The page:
I adore Iain McLeod's giddy shooter Spheres of Chaos 2012. The game is a reworking of McLeod’s original Spheres of Chaos, which debuted on the Acorn Archimedes computer in 1992. It shares genetic ancestry with Asteroids (Atari, 1979) although that association is misleading. The key strategy in Asteroids is to stay in the centre of the screen, whereas this is not recommended in Spheres of Chaos 2012.
It's an echo of the arcade shooters from three decades ago, even sporting an attract mode showing a breakdown of the enemies and their point values. Most of the game's muffled audio seems to have emerged from an old, broken arcade cabinet and when the player rattles the pointy powerups with a stream of bullets, it sounds like the program is out of tune.
The game often overpowers the player's senses with vibrant patterns of colour rippling out from every explosion. But my favourite moment is when the player's craft is destroyed and spinning orange shrapnel explodes across the playfield, blotting everything out. Eugene Jarvis, the developer of Defender (Williams Electronics, 1980), commented in the Chicago Tribune that the explosion of the player's ship in Defender is the biggest because “no one wants to play a game where they slip and hit their head in their driveway and die”.
No post this week as I am in Japan. I may even be in Disneyland Tokyo as you read this.
If you're pining for something to pass the time, try Rooster Teeth's Rage Quit video on Surgeon Simulator 2013: Ambulance & Space Missions. It made me laugh.
In this episode of Dialogue Tree, Eric Brasure talks to Davey Wreden, creator of IndieCade nominee The Stanley Parable.
05:05 “It taught me a hell of a lot about how people internalize something that you’ve made.”
08:00 “I don’t really identify with that stuff as much as I used to.”
15:20 “I think that in fact videogames are probably as ideally suited for comedy as any medium I could imagine, just by virtue of the fact that we have so many unquestioned assumptions about the form.”
24:10 “My most cherished games that I play lately just make me feel uncomfortable with myself.”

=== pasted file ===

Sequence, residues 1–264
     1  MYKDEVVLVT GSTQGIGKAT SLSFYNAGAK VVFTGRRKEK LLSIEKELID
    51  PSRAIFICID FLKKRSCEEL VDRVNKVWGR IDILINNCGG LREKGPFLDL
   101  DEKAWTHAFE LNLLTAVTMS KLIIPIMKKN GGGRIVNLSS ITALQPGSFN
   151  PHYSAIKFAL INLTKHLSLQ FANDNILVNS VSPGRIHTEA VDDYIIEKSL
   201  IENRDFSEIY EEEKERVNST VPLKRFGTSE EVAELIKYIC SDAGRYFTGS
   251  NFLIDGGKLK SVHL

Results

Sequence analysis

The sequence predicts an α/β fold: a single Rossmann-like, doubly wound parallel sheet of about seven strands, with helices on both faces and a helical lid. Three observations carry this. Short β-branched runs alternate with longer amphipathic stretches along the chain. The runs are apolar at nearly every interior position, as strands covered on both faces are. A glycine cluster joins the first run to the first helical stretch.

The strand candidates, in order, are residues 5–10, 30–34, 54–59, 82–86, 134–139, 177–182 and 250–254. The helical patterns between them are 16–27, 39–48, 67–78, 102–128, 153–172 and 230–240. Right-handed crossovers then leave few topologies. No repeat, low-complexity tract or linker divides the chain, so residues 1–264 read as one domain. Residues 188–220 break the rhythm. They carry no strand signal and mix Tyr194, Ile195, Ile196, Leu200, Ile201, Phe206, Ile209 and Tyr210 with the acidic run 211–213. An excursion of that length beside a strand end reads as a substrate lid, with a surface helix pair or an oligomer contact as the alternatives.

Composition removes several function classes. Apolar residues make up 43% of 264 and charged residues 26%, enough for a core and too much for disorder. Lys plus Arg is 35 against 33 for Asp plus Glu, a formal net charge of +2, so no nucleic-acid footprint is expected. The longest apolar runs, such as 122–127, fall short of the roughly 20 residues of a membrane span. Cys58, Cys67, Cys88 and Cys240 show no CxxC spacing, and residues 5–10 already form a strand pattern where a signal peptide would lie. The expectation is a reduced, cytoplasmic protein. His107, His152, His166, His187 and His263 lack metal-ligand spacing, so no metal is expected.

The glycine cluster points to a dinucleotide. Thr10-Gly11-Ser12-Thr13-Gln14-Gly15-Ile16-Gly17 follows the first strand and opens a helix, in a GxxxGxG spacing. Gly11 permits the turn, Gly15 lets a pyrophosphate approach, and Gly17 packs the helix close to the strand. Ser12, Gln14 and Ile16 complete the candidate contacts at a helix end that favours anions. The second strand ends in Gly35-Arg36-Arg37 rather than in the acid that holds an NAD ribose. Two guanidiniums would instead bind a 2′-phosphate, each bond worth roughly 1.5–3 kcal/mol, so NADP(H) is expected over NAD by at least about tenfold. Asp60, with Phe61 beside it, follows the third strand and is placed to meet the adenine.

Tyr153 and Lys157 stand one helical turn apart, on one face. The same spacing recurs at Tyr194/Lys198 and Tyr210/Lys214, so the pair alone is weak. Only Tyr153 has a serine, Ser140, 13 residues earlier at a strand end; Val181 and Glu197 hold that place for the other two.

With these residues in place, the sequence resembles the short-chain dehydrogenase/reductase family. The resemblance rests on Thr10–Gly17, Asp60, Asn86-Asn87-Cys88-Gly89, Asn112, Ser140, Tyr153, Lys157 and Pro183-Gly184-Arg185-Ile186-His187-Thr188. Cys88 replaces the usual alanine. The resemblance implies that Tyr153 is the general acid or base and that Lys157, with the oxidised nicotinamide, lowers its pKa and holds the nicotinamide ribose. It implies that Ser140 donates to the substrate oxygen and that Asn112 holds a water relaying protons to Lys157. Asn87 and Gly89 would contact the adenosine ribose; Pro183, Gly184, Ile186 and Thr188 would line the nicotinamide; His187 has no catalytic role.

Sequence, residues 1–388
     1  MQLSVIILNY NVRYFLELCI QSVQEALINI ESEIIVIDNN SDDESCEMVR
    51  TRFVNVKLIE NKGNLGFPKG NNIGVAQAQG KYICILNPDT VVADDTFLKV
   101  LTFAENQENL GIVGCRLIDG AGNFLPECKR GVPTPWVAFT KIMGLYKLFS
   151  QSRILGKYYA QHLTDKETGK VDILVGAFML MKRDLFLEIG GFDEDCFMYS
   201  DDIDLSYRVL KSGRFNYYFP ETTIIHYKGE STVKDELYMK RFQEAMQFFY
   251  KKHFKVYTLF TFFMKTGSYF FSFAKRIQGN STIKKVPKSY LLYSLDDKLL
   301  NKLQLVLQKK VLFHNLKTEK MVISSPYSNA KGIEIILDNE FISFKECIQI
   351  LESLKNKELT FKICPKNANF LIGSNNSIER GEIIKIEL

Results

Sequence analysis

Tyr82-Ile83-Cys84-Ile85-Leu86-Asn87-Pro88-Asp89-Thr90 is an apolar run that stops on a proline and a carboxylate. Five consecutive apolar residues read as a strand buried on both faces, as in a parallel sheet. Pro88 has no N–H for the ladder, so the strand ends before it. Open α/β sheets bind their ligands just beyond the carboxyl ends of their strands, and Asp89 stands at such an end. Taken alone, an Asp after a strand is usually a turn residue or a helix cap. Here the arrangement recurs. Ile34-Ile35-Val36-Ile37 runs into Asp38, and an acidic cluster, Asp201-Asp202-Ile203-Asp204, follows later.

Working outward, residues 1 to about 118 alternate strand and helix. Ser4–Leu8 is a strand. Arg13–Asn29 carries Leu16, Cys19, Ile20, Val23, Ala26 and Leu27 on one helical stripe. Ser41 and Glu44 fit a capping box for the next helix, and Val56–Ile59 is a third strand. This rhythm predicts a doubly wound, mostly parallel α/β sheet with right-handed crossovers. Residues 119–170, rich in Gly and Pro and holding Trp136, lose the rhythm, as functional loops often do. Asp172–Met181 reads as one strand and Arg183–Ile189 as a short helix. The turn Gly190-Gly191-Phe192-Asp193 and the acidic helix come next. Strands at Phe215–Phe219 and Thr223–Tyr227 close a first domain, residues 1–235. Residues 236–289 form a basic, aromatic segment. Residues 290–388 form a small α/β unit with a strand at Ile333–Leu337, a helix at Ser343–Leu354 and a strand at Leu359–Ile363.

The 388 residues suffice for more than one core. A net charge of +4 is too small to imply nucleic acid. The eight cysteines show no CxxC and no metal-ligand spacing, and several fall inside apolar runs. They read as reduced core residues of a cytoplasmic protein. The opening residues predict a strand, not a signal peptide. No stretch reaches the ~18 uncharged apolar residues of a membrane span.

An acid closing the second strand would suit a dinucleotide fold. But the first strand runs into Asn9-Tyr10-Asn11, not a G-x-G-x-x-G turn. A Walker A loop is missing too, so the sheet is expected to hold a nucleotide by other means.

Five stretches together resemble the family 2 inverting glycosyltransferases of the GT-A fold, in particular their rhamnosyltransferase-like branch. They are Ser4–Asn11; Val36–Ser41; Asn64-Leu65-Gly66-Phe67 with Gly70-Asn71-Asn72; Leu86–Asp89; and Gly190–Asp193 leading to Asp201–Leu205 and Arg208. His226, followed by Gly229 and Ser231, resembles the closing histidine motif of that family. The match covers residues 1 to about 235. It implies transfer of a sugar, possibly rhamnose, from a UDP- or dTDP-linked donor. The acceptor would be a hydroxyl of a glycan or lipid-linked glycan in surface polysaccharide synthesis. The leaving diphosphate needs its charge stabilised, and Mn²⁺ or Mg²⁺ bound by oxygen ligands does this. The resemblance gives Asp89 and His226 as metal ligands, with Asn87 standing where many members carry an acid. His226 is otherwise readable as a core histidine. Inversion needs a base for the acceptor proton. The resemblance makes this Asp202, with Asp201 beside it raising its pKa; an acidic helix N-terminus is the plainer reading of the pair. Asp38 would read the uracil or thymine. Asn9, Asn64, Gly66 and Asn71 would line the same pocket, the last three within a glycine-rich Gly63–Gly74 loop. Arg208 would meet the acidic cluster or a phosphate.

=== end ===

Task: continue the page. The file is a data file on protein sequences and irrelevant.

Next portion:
25:15 “We’ve put up boundaries between one another that don’t need to exist.”
39:05 “I didn’t sleep well for that week.”
41:35 “Let’s get to what’s on my mind now, and not what was on my mind four years ago.”
43:55 “I really don’t know how people are going to respond to this. I don’t know.”
Download the podcast MP3 or play it right here in your browser:
- Featured music: Broke For Free, “Night Owl”
- The Stanley Parable
- Ridiculous Fishing "byrdr" ARG (PocketGamer.biz)
This is the first part of The Shooting Gallery trilogy.
Cinema and literature have shown they can weather the storm of time: The African Queen can make contemporary audiences laugh, Nosferatu is still disturbing and Jane Austen's Pride and Prejudice remains a favourite. But videogames are cursed. The cutting edge corrodes with frightening speed and the once-pioneering designs of yesteryear give way to frustration when compared to leaner, smarter modern work.
But sometimes this zeal for the new bites off more than it chew. The text adventure reportedly died a long time ago – but there’s still a thriving interactive fiction community. The industry also tried calling time on the point-and-click adventure – but take one look at Wadjet Eye Games, for example, and we’ll see it’s still possible to build a viable business with the point-and-click. Just because a particular form has dropped out of the mainstream favour, it doesn’t mean it is dead, antiquated or has nothing more to offer.
The 2D shooter experienced a similar fall from grace and yet, like the point-and-click, continues to enjoy a commercial life. However, unlike adventures which are story-driven, the 2D shooter has earned less critical attention. A shooter is a shooter, it seems, end of story. This seems ridiculous when faced with successes such as Geometry Wars: Retro Evolved and Everyday Shooter, or even efforts to sketch out new territory like Leave Home. Vlambeer made a big splash with the intensive Super Crate Box and their aerial combat shooter Luftrausers is on the horizon.
Before I began writing about videogames, I had dismissed the 2D shooter as “passé”. Today, I am a passionate advocate for the shoot 'em up. But what is so fascinating about the 2D shooter? Let’s ask some shmup developers like Rob Fearon, Kenta Cho, Matt James, Charlie Knight, Jonathan Mak and Stephen Cakebread that question.
Welcome to the first edition of Marginalia, an eclectic compilation of links tailored for game developers. Links contributed by Clara Fernández-Vara, Amanda Lange, Miguel Sicart and Doug Wilson.
Yes it's that time once again - open comment time. I know Matt W is itching to talk about "bundle fatigue" but other than that, it's all up for grabs.
There are now 200 comment slots waiting to be filled below. Don't worry if you use them all, I'll keep topping up as required.